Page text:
Apostrophes in contractions

Apostrophes indicate missing letters in contracted words and phrases:

I’m [I am]     you’re [you are]     there’s [there is]

she’ll [she will]     we’ll [we will]     who’d [who would]

can’t [cannot]     don’t [do not]     wouldn’t [would not]   

These contractions are particularly common in informal kinds of writing and when representing speech:

I’m fine, thanks.

I can’t believe she doesn’t like chocolate.

Don’t sit on that chair!

Some contractions with apostrophes sound the same as regular pronouns, but are clearly different when written. Take care when using these, as they are often misused:

it’s [it is]     It’s a sunny day.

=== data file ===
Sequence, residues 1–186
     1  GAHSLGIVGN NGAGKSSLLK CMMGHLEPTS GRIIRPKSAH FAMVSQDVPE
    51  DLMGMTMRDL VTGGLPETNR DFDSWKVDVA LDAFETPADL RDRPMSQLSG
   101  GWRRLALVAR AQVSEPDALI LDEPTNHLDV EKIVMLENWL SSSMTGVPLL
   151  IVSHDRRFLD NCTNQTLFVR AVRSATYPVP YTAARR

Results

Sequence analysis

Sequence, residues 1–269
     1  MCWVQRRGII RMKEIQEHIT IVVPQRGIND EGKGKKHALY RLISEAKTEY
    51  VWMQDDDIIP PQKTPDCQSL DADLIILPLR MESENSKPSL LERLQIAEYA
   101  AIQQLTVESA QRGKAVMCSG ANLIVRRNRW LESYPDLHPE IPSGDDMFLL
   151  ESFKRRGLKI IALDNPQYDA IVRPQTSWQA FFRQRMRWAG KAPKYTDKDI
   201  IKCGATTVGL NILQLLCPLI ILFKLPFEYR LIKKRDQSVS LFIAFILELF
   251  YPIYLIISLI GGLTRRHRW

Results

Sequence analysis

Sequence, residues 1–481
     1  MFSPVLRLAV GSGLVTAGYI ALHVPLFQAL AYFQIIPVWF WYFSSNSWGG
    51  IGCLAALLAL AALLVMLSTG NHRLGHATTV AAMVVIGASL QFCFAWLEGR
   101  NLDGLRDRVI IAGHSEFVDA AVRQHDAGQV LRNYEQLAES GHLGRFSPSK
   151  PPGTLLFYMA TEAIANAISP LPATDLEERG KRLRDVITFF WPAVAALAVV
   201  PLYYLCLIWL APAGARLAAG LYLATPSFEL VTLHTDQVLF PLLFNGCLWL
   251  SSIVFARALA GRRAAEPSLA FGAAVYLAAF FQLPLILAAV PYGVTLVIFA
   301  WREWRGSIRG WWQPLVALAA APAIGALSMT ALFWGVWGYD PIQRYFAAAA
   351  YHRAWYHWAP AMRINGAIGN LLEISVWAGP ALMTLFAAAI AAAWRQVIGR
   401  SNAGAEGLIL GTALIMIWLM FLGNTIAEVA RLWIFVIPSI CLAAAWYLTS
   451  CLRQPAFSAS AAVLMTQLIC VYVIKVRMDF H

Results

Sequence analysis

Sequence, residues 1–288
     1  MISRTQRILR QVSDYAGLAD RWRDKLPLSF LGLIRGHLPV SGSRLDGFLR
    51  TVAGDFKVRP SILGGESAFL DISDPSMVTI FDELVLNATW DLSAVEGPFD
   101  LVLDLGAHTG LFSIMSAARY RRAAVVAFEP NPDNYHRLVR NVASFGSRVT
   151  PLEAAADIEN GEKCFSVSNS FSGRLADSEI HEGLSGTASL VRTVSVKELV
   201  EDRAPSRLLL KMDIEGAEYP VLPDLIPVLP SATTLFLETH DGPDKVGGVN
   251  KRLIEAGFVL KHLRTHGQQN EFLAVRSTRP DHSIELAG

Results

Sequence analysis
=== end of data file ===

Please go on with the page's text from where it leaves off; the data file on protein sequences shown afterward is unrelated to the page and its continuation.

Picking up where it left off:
its [possessive form of it]     The house was derelict; its windows were broken.

you’re [you are]     You’re too kind!
your [possessive form of you]     Your work is impressive.

they’re [they are]     They’re going to be late.
their [possessive form of they]     Their car has broken down.
there [at that place]     They will leave the car there.

who’s [who is]     Who’s going to the party?
whose [possessive form of who]     Whose clothes are these?

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